Researchers have identified the cause of chronic, and currently untreatable, pain in those with amputations and severe nerve damage, as well as a potential treatment which relies on engineering instead of drugs.
Researchers have discovered that a 'reorganisation' of the wiring of the brain is the underlying cause of phantom limb pain, which occurs in the vast majority of individuals who have had limbs amputated, and a potential method of treating it which uses artificial intelligence techniques.
The researchers, led by a group from Osaka University in Japan in collaboration with the University of Cambridge, used a brain-machine interface to train a group of ten individuals to control a robotic arm with their brains. They found that if a patient tried to control the prosthetic by associating the movement with their missing arm, it increased their pain, but training them to associate the movement of the prosthetic with the unaffected hand decreased their pain.
Their results, reported in the journal Nature Communications, demonstrate that in patients with chronic pain associated with amputation or nerve injury, there are 'crossed wires' in the part of the brain associated with sensation and movement, and that by mending that disruption, the pain can be treated. The findings could also be applied to those with other forms of chronic pain, including pain due to arthritis.
Approximately 5,000 amputations are carried out in the UK every year, and those with type 1 or type 2 diabetes are at particular risk of needing an amputation. In most cases, individuals who have had a hand or arm amputated, or who have had severe nerve injuries which result in a loss of sensation in their hand, continue to feel the existence of the affected hand as if it were still there. Between 50 and 80 percent of these patients suffer with chronic pain in the 'phantom' hand, known as phantom limb pain.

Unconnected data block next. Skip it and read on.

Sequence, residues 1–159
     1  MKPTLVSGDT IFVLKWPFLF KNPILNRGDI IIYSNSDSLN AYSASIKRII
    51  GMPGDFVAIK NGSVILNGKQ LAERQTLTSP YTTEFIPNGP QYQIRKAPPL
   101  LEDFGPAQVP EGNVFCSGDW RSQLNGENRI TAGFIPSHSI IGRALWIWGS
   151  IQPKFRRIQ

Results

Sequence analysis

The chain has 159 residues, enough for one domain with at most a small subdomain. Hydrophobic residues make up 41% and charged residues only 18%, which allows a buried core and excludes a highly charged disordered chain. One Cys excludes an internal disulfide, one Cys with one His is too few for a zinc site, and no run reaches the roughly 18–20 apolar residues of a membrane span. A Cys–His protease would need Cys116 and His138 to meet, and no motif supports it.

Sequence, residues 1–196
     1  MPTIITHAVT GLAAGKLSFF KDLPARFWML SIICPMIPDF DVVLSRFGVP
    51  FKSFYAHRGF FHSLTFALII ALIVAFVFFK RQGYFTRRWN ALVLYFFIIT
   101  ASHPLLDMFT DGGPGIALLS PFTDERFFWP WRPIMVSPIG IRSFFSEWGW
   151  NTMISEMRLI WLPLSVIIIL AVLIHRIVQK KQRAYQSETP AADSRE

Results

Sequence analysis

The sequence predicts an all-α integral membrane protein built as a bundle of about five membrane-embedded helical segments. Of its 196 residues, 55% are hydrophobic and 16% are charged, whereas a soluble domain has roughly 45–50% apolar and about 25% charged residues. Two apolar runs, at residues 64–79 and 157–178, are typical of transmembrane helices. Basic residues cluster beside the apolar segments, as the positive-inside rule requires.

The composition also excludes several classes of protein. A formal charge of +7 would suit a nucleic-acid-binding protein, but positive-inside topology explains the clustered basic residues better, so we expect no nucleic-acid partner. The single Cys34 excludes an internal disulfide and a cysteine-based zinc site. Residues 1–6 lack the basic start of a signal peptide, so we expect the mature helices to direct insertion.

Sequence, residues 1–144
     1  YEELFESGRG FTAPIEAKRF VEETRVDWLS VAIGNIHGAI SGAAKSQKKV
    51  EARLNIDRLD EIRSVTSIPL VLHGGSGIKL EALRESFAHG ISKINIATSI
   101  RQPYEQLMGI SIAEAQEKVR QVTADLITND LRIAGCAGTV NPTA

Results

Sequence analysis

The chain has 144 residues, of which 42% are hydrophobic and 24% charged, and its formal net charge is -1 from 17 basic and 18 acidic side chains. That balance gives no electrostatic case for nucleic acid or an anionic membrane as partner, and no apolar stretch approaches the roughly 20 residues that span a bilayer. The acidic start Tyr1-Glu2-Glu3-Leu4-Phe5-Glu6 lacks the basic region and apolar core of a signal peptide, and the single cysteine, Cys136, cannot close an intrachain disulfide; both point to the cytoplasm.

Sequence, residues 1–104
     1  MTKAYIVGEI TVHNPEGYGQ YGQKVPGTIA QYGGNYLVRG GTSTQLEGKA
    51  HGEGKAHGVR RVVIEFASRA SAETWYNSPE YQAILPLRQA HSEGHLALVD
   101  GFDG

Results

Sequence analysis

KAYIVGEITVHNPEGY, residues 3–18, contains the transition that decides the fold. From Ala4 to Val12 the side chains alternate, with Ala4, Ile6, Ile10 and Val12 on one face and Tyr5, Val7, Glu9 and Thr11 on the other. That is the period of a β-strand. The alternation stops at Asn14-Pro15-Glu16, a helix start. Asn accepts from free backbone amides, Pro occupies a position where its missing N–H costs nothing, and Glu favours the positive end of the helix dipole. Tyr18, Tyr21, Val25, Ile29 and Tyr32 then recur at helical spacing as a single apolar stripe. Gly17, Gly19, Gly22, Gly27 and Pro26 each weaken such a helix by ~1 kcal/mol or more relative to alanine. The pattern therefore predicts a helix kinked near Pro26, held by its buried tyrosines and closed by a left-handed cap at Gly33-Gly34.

"Even though the hand is gone, people with phantom limb pain still feel like there's a hand there -- it basically feels painful, like a burning or hypersensitive type of pain, and conventional painkillers are ineffective in treating it," said study co-author Dr Ben Seymour, a neuroscientist based in Cambridge's Department of Engineering. "We wanted to see if we could come up with an engineering-based treatment as opposed to a drug-based treatment."
A popular theory of the cause of phantom limb pain is faulty 'wiring' of the sensorimotor cortex, the part of the brain that is responsible for processing sensory inputs and executing movements. In other words, there is a mismatch between a movement and the perception of that movement.
In the study, Seymour and his colleagues, led by Takufumi Yanagisawa from Osaka University, used a brain-machine interface to decode the neural activity of the mental action needed for a patient to move their 'phantom' hand, and then converted the decoded phantom hand movement into that of a robotic neuroprosthetic using artificial intelligence techniques.
"We found that the better their affected side of the brain got at using the robotic arm, the worse their pain got," said Yanagisawa. "The movement part of the brain is working fine, but they are not getting sensory feedback -- there's a discrepancy there."
The researchers then altered their technique to train the 'wrong' side of the brain: for example, a patient who was missing their left arm was trained to move the prosthetic arm by decoding movements associated with their right arm, or vice versa. When they were trained in this counter-intuitive technique, the patients found that their pain significantly decreased. As they learned to control the arm in this way, it takes advantage of the plasticity -- the ability of the brain to restructure and learn new things -- of the sensorimotor cortex, showing a clear link between plasticity and pain.
Although the results are promising, Seymour warns that the effects are temporary, and require a large, expensive piece of medical equipment to be effective. However, he believes that a treatment based on their technique could be available within five to ten years. "Ideally, we'd like to see something that people could have at home, or that they could incorporate with physio treatments," he said. "But the results demonstrate that combining AI techniques with new technologies is a promising avenue for treating pain, and an important area for future UK-Japan research collaboration."
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